(Photo by Stephen Babcock)
Since a new location opening we covered in 2015, a Baltimore program doubled the number of locations offering online grocery ordering in areas that lack supermarkets or healthy food offerings.
On Monday morning, Baltimore City Health Commissioner Leana Wen passed out groceries to mark the opening of the 14th location of Virtual Supermarket at the Ruscombe Gardens, a low-income senior housing facility in the Cylburn neighborhood of northwest Baltimore.
It’s the latest facility offering seniors the option of ordering groceries. The groceries are delivered to the complex, where residents can pick them up.
Launched in 2014, the Virtual Supermarket program is a partnership between the city’s health department and Klein’s Family Markets, which owns ShopRite.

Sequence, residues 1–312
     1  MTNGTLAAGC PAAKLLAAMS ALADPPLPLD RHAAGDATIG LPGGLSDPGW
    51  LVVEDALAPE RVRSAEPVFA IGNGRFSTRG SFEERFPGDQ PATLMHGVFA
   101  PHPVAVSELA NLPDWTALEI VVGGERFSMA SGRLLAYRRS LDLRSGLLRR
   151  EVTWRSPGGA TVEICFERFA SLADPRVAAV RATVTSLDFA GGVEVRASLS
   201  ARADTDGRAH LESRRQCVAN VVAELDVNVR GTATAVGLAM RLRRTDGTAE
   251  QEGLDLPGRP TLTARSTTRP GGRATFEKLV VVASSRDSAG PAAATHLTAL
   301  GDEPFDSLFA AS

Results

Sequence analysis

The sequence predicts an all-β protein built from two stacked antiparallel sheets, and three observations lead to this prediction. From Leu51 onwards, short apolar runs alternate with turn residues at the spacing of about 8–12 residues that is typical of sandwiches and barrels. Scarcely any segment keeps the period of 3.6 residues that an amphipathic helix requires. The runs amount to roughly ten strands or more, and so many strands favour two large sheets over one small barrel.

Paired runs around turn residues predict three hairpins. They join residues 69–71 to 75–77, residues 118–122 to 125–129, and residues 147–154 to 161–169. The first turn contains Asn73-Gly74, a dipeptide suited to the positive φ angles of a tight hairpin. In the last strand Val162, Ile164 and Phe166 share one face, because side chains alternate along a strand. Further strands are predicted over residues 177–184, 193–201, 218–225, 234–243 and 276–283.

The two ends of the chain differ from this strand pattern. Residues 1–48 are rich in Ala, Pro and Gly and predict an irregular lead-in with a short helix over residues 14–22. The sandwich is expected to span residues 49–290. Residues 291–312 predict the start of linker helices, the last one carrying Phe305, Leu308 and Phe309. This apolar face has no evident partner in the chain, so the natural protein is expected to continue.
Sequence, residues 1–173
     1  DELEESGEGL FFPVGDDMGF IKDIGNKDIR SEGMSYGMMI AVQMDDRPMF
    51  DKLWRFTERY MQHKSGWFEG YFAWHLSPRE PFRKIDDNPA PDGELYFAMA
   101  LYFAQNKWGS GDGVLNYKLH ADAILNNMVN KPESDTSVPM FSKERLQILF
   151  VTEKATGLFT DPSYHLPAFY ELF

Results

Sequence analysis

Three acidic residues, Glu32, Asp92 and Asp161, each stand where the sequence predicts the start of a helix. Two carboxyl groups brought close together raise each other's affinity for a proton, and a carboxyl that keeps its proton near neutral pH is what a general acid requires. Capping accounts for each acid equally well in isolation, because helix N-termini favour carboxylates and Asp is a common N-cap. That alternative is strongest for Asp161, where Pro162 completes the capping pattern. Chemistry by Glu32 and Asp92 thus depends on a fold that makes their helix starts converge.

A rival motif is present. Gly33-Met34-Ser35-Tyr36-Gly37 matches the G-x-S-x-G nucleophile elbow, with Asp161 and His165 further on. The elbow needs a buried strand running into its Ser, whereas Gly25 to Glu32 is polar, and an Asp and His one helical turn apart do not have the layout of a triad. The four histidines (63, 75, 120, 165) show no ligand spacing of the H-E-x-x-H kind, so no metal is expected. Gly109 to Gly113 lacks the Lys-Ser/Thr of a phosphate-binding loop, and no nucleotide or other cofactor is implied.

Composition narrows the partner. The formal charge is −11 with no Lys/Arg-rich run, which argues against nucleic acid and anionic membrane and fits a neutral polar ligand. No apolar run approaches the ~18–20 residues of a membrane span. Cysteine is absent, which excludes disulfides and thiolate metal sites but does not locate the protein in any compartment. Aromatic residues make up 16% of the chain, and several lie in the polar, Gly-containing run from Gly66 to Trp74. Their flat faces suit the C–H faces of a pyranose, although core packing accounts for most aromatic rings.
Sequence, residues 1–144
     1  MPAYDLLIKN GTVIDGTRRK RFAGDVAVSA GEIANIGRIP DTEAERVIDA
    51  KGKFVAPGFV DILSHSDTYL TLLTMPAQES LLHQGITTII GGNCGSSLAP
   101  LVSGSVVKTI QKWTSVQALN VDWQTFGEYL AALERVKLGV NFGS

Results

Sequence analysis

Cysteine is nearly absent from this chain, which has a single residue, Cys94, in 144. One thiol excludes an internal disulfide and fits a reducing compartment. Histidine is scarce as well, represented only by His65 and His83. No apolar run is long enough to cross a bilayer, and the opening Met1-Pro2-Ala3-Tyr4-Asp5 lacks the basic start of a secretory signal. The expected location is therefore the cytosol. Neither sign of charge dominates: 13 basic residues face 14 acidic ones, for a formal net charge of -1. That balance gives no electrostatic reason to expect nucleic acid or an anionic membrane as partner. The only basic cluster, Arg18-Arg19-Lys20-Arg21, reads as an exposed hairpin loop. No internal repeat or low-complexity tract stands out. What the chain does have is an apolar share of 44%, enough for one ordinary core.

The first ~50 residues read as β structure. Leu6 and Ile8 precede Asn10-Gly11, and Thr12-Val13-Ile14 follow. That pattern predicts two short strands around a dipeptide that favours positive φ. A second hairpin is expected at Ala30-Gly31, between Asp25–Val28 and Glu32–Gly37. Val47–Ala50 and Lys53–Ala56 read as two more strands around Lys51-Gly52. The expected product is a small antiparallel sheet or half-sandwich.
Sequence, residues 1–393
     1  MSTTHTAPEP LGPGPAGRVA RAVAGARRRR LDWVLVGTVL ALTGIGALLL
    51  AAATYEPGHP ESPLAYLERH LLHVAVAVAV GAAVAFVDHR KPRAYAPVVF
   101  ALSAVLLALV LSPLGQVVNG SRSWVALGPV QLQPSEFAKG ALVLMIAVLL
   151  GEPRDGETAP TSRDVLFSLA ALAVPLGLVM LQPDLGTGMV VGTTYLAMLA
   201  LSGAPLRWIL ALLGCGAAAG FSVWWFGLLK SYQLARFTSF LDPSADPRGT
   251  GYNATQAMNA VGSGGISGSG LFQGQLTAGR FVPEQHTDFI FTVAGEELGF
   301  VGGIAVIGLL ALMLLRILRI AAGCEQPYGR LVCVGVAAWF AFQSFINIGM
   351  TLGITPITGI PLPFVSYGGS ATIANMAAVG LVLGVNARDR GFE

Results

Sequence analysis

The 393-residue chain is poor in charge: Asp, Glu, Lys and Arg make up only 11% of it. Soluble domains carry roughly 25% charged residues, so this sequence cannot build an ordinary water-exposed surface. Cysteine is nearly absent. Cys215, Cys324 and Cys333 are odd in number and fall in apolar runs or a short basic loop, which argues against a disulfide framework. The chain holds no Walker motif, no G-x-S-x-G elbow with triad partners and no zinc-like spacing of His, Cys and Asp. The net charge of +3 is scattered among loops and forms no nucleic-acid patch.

Food insecure seniors not only suffer from greater rates of obesity, diabetes, and high blood pressure — they are also 5x more likely to suffer from depression #VirtualSupermarket pic.twitter.com/G9d1ks1Az6
— Leana Wen, M.D. (@DrLeanaWen) March 19, 2018
According to a new study released earlier this year by the health department and Johns Hopkins’ Center for a Livable Future, 23.5 percent of Baltimoreans live in areas that lack affordable, healthy food options from grocery stores and other spots. Additionally, researchers said the community advocated rebranding the areas from food deserts to “healthy food priority areas.” In Baltimore, nearly 18,000 seniors live in these areas.
When it launched, officials said the Virtual Supermarket program was the first to accept EBT/food stamps for online grocery ordering. The U.S. Department of Agriculture has since launched a pilot that expanded the option to ShopRite and Safeway locations.
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